Waste


Minimizing waste contributes to a more sustainable Stanford in many ways. By using less, reusing more, recycling and composting, we can preserve land, save energy, conserve water, reduce greenhouse gas emissions and preserve natural resources.

We are making great progress. We’ve increased our landfill diversion rate from 30 percent in 1994 to 62 percent in 2011. The university is continually improving collection activities, identifying new markets for waste materials and recyclables, and raising awareness so that “reduce, reuse, recycle and compost” becomes habit.

Goals & Results

Our initial goal is to increase Stanford’s rate of waste diverted from landfill to 75 percent.

In 2011, our Waste Reduction and Recycling Program diverted more than 12,814 tons of materials from landfills, including:

  • 3,245 tons of construction and demolition debris reused or recycled
  • 6,003 tons of organic and compostable material composted or reused
  • 721 tons of plastic, metal, and glass recycled
  • 2,712 tons of paper and cardboard recycled
  • 131 tons of electronic waste recycled or reused

These efforts saved an estimated 64,042 million British thermal units (Btu) of energy in 2011—enough to power more than 570 homes for one year. We reduced air emissions (including carbon dioxide and methane) by 3,820 tons of carbon dioxide equivalent and waterborne waste by 17 tons. We’ve also saved 32,115 trees and eliminated the need for 414 tons of iron ore, coal and limestone.

“If we are to leave our children a better world, we must take steps now to create a sustainable environment. So it is critical that we model sustainable citizenship on our own campus.”
— John Etchemendy
Provost, Stanford University
The Energy Retrofit Program has delivered an estimated cumulative savings of over 240 million kilowatt-hours of electricity since it began in 1993—and prevented 72,000 metric tons of carbon dioxide equivalent emissions.
New buildings must use 30 percent less energy and 25 percent less potable water than similar traditional buildings.
Systems retrofits to the most energy-intensive buildings on campus are expected to save $4.2 million a year and cut energy use by 28 percent.
About 40 percent of Stanford Dining produce is organic or regionally grown; some is even grown on campus.
About 60 percent of Stanford’s total contiguous land remains undeveloped.
Recycled paper is less expensive than virgin paper under the campus-wide office supply contract.
From 2002 to 2010, the percentage of Stanford employees driving alone to campus dropped from 72 to 48 percent.
Stanford diverted 64 percent of its solid waste from landfills in 2008—more than 14,500 tons.
Stanford completed 50 major water efficiency retrofit projects from 2001 through 2008, pushing down average domestic use from 2.7 million gallons per day (mgd) in 2000-01 to less than 2.3 mgd in 2007-08, despite campus growth.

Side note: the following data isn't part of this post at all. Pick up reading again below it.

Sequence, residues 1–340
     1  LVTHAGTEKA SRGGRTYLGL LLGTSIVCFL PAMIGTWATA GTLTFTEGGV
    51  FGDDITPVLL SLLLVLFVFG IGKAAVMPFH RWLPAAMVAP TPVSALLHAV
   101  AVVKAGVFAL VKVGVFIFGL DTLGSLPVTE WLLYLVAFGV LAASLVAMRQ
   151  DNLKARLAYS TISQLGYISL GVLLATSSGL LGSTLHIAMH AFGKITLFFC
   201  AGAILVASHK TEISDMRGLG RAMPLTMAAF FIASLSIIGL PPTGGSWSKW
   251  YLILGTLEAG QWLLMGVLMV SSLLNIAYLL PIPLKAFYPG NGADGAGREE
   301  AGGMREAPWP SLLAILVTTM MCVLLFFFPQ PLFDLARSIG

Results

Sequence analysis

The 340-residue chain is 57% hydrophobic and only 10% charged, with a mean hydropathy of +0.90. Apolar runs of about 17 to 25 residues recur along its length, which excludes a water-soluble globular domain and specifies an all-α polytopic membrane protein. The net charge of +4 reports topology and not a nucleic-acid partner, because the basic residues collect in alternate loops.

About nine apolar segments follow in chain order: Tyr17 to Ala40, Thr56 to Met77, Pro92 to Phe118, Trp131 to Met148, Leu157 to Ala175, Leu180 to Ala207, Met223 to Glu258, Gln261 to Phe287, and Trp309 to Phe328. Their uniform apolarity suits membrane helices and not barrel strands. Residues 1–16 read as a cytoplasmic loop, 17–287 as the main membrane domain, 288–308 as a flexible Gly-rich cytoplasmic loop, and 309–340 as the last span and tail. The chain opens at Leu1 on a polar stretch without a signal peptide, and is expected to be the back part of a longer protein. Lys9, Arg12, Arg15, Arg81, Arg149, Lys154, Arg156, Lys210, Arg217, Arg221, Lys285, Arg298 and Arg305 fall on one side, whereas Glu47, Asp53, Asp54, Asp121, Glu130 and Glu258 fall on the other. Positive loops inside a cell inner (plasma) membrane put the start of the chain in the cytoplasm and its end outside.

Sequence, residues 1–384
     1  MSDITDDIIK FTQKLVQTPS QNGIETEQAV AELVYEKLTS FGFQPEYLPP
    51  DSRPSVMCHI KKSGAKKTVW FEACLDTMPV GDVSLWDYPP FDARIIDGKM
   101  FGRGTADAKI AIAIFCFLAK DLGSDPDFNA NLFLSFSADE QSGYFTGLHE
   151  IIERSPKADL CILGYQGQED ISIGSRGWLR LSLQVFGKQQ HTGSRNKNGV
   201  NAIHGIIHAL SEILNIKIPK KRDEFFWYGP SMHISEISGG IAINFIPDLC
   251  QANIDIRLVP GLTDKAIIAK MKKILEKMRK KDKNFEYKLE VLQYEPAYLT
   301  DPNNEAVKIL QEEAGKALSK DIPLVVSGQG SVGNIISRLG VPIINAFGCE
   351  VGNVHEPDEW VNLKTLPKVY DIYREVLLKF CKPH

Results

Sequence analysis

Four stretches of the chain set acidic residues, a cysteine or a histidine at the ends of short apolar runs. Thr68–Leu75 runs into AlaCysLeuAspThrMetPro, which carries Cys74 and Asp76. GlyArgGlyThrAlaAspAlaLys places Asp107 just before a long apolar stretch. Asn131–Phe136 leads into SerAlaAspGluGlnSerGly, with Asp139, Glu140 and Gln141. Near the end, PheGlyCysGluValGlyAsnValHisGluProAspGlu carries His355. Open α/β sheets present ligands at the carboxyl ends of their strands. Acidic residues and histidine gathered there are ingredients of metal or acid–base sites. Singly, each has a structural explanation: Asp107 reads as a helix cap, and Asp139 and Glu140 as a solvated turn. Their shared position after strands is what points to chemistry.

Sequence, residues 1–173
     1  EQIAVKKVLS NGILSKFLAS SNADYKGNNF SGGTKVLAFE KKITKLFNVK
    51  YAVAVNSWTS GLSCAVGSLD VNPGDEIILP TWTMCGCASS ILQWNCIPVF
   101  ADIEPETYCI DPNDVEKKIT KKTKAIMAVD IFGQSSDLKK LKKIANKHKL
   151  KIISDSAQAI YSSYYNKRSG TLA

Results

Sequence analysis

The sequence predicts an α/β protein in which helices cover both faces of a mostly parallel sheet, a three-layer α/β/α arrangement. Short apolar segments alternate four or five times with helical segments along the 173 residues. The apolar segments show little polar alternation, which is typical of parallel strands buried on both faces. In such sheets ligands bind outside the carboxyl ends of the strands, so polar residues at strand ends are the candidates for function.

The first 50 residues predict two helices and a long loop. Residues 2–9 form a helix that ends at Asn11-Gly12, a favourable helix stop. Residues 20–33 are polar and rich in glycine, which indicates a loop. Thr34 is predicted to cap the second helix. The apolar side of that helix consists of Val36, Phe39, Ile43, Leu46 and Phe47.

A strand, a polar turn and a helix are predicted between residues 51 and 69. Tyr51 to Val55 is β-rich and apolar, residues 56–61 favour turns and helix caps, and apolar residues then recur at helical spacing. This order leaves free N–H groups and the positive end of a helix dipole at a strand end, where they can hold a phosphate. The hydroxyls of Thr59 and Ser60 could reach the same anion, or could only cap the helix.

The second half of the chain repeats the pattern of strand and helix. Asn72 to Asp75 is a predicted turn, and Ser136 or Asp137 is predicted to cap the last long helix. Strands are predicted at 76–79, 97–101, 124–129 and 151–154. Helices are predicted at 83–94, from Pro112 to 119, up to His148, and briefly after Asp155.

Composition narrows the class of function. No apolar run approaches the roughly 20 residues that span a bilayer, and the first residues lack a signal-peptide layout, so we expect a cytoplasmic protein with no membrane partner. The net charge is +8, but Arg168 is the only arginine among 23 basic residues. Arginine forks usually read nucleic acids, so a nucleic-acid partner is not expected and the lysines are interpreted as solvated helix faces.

The goal of Sustainable IT is to reduce the greenhouse gas emissions generated by our IT infrastructure.
The goal of Sustainable IT is to reduce the greenhouse gas emissions generated by our IT infrastructure.
Stanford invests IN sustainability through a broad range of initiatives in research, education, efficiency improvement, conservation systems, new technology, student-led projects and more.
New buildings must use 30 percent less energy and 25 percent less potable water than similar traditional buildings.
New buildings must use 30 percent less energy and 25 percent less potable water than similar traditional buildings.
Systems retrofits to the most energy-intensive buildings on campus are expected to save $4.2 million a year and cut energy use by 28 percent.
About 40 percent of Stanford Dining produce is organic or regionally grown; some is even grown on campus.
From 2002 to 2008, the percentage of Stanford employees driving alone to campus dropped from 72 to 51 percent.
Stanford diverted 64 percent of its solid waste from landfills in 2008—more than 14,500 tons.
Stanford diverted 64 percent of its solid waste from landfills in 2008—more than 14,500 tons.
The Energy Retrofit Program has delivered an estimated cumulative savings of over 240 million kilowatt-hours of electricity since it began in 1993—and prevented 72,000 metric tons of carbon dioxide equivalent emissions.
Stanford completed 50 major water efficiency retrofit projects from 2001 through 2008, pushing down average domestic use from 2.7 million gallons per day (mgd) in 2000-01 to less than 2.3 mgd in 2007-08, despite campus growth.
New buildings must use 30 percent less energy and 25 percent less potable water than similar traditional buildings.

RECOGNITION

American Forest and Paper Association,College/University Recycling Award (2009)

2nd Place, Gorilla Prize, RecycleMania Contest for Colleges and Universities for highest gross weight of diverted recyclables (2011)

National Recycling Coalition, Outstanding School Program (2002)